Monthly Archives: November 2012

Primary School Scheme starts after Christmas!

By Shona McIntosh, WP Projects Officer

One of the projects I’m most excited about this year is our Primary School Partnership scheme. This is a revamped version of the tutoring we’ve offered to primary schools for several years now. We’ll continue to send students into local classes to help raise attainment, but we’re now going to be focussing on Year 6 Maths classes, and I have added in an HE-awareness session in the classroom, and a campus visit for the whole class after the dreaded SATs. I have even promised to write a lecture on Harry Potter, in the style of the kind of lectures I used to give about Shakespeare, to give the pupils a taste of student life!

I’ve been going out to visit school teachers to discuss this programme, and it is a real joy going into primary schools. Firstly, because you get to sit on tiny chairs and feel like a giant (I’m 5 foot 2, so opportunities for me to feel tall are few and far between)! And secondly because it is lovely to see how passionate the teachers are about educating their pupils and to see the classrooms covered in the evidence of the children’s work and achievements. These are schools that are working in inner-city boroughs in very deprived areas – on average, the schools we are working with have at least 50% of their children on Free School Meals. But the teachers aren’t letting that get in the way of providing the most inspiring and supportive experience they can for their children.

One problem a couple of schools have mentioned is that many of their female pupils struggle with maths more than their male peers. This has surprised me because a lot of conversation around WP recently has focussed on the problem of boys’ lower attainment and progression. The tutoring shceme can help though, as we can place female ambassadors in the classroom to show the girls not only that maths is fun at school,but even that they might go on to study a maths-based subject later in their education. It just goes to show that national trends can be bucked by local particularities. In other words, listen to your community when you’re designing outreach activities!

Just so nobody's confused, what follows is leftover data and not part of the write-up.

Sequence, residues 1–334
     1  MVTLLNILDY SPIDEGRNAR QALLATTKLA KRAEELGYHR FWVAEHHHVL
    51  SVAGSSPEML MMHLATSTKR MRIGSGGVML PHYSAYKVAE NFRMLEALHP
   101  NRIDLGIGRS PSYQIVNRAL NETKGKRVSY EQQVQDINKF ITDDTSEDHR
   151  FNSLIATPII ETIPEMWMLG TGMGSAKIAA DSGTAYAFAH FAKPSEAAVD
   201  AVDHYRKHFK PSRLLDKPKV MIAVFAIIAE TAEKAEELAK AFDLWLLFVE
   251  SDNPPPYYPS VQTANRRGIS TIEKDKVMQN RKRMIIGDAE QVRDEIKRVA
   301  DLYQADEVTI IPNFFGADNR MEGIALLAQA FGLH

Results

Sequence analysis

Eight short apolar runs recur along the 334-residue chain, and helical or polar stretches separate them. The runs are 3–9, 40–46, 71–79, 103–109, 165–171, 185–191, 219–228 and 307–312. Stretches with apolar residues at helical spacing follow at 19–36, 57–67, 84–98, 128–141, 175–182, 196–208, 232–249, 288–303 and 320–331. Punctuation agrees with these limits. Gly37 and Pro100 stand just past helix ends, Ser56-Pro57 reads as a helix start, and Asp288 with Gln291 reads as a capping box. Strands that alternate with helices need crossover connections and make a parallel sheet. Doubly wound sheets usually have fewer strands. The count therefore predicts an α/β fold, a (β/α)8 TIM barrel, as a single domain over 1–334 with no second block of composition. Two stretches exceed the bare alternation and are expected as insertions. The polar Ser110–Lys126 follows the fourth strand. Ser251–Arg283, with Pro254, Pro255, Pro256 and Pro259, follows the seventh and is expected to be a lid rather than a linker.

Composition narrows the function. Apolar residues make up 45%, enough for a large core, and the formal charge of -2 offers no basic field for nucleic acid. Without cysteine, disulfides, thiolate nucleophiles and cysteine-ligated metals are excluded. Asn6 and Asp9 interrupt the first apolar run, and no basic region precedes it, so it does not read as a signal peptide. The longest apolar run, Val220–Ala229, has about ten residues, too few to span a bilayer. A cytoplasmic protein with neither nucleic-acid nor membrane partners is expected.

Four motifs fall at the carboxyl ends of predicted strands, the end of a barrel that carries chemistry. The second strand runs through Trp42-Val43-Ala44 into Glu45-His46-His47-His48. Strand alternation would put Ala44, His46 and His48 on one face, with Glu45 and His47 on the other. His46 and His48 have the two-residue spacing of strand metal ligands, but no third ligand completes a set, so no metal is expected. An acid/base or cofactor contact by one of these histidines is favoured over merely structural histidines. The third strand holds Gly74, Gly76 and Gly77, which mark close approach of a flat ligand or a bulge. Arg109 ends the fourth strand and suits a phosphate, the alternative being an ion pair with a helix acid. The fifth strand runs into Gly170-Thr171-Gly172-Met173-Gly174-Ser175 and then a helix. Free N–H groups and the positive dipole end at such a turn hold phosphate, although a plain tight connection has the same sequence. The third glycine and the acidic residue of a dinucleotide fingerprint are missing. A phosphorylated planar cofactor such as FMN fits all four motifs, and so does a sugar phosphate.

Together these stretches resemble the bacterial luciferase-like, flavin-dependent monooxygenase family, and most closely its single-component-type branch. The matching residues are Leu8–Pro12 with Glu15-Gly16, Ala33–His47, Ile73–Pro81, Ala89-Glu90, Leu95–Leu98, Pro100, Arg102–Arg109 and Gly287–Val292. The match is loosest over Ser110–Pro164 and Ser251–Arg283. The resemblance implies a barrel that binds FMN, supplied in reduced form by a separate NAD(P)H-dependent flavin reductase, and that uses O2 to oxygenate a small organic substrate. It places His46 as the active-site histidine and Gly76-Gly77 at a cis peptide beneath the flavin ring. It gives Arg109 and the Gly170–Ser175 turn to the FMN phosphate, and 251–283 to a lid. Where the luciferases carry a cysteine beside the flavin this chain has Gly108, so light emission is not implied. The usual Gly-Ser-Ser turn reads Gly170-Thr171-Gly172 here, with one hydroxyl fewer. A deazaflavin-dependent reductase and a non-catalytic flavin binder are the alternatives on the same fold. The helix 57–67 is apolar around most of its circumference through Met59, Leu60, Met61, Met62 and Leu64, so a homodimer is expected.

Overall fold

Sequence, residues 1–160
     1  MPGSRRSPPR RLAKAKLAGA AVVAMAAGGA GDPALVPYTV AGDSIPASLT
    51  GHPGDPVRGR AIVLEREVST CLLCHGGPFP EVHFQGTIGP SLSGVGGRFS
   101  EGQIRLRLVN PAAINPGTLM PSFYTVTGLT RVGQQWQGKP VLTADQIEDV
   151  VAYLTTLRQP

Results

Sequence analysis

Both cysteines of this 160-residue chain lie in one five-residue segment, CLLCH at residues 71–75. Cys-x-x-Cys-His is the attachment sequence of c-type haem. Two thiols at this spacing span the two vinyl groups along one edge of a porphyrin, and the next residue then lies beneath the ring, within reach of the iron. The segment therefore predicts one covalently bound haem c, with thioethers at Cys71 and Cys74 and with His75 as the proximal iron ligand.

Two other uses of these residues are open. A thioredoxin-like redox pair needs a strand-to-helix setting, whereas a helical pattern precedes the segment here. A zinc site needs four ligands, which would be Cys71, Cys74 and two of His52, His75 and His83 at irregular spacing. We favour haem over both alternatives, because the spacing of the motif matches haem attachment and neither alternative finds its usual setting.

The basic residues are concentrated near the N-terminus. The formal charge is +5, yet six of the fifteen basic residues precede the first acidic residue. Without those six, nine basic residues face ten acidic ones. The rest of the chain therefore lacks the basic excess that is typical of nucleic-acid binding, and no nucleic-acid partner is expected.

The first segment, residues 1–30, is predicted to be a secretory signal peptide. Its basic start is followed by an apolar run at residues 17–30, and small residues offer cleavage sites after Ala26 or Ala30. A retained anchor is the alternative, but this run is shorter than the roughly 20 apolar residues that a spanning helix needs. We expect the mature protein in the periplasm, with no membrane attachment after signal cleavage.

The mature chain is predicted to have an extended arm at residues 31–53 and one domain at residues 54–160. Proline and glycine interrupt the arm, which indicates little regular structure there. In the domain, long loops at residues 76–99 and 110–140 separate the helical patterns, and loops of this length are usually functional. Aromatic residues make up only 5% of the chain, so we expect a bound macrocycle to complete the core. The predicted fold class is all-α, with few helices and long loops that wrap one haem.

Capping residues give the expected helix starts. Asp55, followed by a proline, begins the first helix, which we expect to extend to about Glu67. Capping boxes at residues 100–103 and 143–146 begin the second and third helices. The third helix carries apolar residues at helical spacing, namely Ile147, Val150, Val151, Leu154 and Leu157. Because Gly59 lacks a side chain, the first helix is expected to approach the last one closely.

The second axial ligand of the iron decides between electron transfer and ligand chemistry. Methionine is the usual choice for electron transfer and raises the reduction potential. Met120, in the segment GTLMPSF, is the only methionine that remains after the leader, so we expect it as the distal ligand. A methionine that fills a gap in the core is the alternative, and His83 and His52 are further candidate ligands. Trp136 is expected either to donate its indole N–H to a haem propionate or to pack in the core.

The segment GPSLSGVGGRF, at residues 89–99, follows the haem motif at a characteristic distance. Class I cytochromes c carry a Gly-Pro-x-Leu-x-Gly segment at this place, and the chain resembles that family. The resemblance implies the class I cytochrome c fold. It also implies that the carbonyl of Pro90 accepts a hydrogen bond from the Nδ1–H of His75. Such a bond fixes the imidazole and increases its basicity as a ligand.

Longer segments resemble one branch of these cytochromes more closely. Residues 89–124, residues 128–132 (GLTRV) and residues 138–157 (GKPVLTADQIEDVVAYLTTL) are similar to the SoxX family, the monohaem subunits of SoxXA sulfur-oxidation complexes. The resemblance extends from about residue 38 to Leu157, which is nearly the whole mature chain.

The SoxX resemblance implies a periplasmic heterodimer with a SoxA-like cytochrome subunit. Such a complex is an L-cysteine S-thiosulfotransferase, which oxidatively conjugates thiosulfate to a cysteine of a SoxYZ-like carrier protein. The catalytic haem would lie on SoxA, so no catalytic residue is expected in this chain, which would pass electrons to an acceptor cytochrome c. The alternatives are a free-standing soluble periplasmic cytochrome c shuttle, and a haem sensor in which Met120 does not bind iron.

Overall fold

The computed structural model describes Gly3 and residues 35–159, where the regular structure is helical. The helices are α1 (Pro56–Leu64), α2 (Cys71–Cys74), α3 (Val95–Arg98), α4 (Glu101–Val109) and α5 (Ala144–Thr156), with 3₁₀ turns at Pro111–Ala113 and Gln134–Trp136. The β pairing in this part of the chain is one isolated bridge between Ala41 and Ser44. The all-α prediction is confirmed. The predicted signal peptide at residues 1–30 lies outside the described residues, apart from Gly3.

I have immensely enjoyed my visits to local schools in Haringey, Tower Hamlets, Islington, and Camden. The teachers have been unfailingly supportive and energised about the idea of using undergraduates to help in the classroom. I think it’s going to be a great learning experience for our student tutors, and I hope to get a blog or two from them once they get into the classrooms at the end of January! Watch this space!


Transforming the community (literally)!

By Taric Matticks, 2nd Year Informatics

The team, proud of their hard work

The team after finishing

London Student Volunteering fortnight is an annual event that was created in 2008 by a set of London universities. Every year they join forces to provide a diverse set of opportunities for students from to get involved in across London. This year City University London took a prominent role in organising two of the events, and I had the privilege of volunteering at one of them: tidying up and enhancing the outdoor space at Islington Arts Factory.

Islington Arts Factory is a community arts centre based in Holloway. They are a registered charity which provides high quality classes, courses, and workshops for children and adults in the areas of dance, visual art and music, and regularly host performances and exhibitions to showcase the talents of their students.

The arts centre needed some assistance in renovating an overgrown outdoor area which had fallen into a state of neglect. Our task was to make it presentable so it could be used by the community once again. I had never really done any work of this nature before so for me personally it was a good experience to try it out. One of the things I like about volunteering is it gives you the opportunity to try out new things that you normally wouldn’t do and takes you out of your comfort zone. I was certainly out of my comfort zone then, but I didn’t let this phase me and got stuck in to activities such as sweeping the churchyard and patio, pulling up weeds, picking up litter, pruning bushes and overgrowth, moving soil and compost, cleaning the garden furniture, raking up the leaves and planting bulbs. It even started raining at one point but we didn’t let that stop us.


Hard at work!

I felt like Nick Knowles on an episode of DIY SOS thinking back to how the area looked before, and looking at it afterwards. Amazing. I thoroughly enjoyed volunteering at this event and left feeling empowered, galvanised and wanting more. The sense of achievement I feel after volunteering and making a tangible difference to the community is priceless. I also got the opportunity to meet new people and make friends and am looking forward to participating in more events in the future.

LSVF finishes on the 10th of November so there’s still time to get involved. For info on the two remaining events click here.

Taric’s personal blog can be found here. If you’re a City student and want to get involved in volunteering check out our volunteering website.